- Students use alternative art materials for one-night-only exhibition June 18
- Digital Media wins national prize for TEDxBirmingham video
- Trip to New York brings national attention to Birmingham renaissance
- Clothes that work for new grads hitting the market
- Hagel emphasizes leadership to Naval Academy graduates
- Birmingham Chosen To Host 2015 C-USA Basketball Championships
- On The Money: How new graduates can take on the job market
- Canvas unrolled for new school year
- Tornadoes Leave Trail of Devastation (Photos)
- Campus closes early Tuesday due to severe thunderstorm
- Alabama does a double take: ‘Urinetown: the Musical’ hits home twice
- A+ Performance by Legend
- UAB Women’s Softball defeat Charlotte 49ers (8-0)
- A Fun and Fluffy Study Break In Lister Hill
- UAB Earth Month Festival
UAB hosts World Rare Disease Day symposium
The University of Alabama at Birmingham will host a symposium for medical professionals and for the community in support of World Rare Disease Day on Feb. 28.
World Rare Disease Day is observed annually on the last day of February. 2014 will mark the sixth time the event has been held in the United States, where a rare disease is defined as affecting fewer than 200,000 people. In the United States, there are nearly 7,000 rare diseases that affect nearly 30 million Americans. Two-thirds of those affected are children. The goal of Rare Disease Day is to raise awareness of the challenges faced by those living with rare diseases.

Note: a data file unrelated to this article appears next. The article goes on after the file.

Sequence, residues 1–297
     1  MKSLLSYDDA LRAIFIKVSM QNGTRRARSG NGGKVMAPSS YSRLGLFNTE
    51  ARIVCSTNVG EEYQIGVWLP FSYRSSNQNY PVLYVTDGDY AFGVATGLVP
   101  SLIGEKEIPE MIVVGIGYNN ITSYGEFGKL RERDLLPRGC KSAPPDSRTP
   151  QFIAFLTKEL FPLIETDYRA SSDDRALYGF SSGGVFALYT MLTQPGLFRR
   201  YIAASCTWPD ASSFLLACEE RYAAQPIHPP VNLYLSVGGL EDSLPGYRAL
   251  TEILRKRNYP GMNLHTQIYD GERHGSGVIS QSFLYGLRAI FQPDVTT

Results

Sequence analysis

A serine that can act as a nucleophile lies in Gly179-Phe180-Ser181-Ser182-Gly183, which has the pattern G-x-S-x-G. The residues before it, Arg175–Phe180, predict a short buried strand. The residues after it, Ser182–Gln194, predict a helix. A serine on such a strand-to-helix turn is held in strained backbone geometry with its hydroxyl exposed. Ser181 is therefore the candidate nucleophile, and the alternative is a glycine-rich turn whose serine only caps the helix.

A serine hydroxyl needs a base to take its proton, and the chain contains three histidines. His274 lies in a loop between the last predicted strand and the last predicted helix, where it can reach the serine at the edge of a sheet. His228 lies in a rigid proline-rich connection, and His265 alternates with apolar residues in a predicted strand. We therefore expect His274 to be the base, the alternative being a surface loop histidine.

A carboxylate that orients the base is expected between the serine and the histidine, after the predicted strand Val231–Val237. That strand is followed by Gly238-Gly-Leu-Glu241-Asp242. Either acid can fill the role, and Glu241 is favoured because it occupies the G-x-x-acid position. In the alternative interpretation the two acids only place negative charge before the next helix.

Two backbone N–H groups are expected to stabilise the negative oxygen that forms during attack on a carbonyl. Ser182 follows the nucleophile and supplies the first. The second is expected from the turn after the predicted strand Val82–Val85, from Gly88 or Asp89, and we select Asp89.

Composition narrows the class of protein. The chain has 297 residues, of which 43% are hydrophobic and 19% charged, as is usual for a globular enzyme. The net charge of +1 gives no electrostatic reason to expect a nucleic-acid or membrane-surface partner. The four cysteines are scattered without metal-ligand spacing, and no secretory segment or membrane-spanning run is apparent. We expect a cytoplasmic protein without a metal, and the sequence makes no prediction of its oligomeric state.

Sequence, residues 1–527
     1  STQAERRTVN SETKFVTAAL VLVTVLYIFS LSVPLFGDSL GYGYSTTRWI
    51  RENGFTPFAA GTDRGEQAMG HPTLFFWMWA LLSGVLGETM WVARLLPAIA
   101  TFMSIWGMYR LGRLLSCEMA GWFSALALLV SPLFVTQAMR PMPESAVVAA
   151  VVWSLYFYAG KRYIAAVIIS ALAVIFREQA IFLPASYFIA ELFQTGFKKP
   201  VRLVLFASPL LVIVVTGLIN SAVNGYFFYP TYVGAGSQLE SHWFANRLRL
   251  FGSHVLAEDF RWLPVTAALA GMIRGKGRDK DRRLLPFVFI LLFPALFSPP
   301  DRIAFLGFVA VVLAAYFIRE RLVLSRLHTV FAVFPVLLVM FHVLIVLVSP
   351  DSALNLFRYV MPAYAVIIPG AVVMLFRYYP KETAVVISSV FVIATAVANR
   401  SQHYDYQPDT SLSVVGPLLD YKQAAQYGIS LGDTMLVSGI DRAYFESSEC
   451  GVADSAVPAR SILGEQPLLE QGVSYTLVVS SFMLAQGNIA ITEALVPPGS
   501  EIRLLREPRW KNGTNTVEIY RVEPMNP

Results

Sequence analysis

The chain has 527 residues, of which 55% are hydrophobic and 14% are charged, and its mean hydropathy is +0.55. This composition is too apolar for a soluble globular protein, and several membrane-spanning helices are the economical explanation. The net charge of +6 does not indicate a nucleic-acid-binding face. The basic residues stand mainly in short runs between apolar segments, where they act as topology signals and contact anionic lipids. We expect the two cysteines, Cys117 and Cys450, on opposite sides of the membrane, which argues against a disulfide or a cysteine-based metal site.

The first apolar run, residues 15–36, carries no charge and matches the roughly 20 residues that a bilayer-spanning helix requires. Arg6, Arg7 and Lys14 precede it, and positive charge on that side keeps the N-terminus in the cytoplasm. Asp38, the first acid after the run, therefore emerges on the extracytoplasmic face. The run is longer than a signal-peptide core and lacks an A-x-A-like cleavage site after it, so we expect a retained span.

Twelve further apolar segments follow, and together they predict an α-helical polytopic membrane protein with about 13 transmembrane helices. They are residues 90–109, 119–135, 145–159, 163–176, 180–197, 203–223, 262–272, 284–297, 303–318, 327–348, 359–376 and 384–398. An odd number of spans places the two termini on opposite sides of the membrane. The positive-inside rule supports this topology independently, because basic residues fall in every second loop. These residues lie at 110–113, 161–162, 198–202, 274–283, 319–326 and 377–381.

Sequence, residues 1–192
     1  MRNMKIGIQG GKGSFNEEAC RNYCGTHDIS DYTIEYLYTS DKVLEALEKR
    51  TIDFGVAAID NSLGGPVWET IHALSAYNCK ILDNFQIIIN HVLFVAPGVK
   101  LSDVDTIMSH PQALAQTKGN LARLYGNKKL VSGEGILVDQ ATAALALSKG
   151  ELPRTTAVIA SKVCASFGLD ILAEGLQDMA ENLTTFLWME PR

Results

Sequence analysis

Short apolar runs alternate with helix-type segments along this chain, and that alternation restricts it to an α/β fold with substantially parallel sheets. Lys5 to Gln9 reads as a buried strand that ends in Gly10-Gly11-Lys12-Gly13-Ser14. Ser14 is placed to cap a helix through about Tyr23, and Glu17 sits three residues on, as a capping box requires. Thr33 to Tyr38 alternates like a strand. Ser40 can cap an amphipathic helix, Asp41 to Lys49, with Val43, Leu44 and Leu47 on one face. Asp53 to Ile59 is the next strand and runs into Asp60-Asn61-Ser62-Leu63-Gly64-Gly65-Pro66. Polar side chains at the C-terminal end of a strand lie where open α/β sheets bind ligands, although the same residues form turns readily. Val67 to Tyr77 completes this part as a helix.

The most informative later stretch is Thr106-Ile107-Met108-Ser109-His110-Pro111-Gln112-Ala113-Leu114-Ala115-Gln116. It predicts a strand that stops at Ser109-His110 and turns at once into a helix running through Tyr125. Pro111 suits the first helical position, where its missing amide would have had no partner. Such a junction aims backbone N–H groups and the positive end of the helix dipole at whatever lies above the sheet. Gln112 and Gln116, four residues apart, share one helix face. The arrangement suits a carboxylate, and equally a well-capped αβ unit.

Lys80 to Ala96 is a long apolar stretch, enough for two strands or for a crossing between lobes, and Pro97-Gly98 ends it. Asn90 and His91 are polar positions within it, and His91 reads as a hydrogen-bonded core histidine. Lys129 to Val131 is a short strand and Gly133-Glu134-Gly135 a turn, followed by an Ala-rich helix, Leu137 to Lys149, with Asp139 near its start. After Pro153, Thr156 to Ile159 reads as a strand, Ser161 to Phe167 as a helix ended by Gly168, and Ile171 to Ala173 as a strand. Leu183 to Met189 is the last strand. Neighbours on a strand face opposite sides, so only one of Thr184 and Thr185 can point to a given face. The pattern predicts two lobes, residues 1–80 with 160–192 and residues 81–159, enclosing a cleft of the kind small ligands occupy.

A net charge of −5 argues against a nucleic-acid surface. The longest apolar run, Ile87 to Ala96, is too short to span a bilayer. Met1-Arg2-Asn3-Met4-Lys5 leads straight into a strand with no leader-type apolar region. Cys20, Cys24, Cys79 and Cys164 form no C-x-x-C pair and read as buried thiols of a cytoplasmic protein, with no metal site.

The symposium, presented by the UAB Department of Genetics, will run from 8 a.m. to 3 p.m. at Children’s Harbor, 1600 Sixth Ave. South, Room 200. The cost is $15, which includes a light breakfast, lunch and continuing medical education credits. Register online.
The symposium, which will focus on genome sequencing in clinical diagnosis, will feature breakout sessions in two tracks — one for lay members of the community and one for medical professionals. The community track includes an advocacy panel discussion and presentations from Bruce Korf, M.D., Ph.D., professor and chair of the UAB Department of Genetics, Maria Descartes, M.D., professor of genetics, and Emily Giles Wakefield, a UAB generic counseling student.
Korf and Descartes will also address the professional track, along with Greg Barsh, M.D., Ph.D., with HudsonAlpha Institute for Biotechnology in Huntsville; Leslie Biesecker, M.D., Ph.D., molecular geneticist with the National Human Genome Research Institute, National Institutes of Health; Wayne Grody, M.D., Ph.D., director of the Molecular Diagnostic Laboratories and the Clinical Genomics Center within the UCLA Medical Center; and Meagan Cochran, M.S., CGC, a clinical genetic counselor at UAB.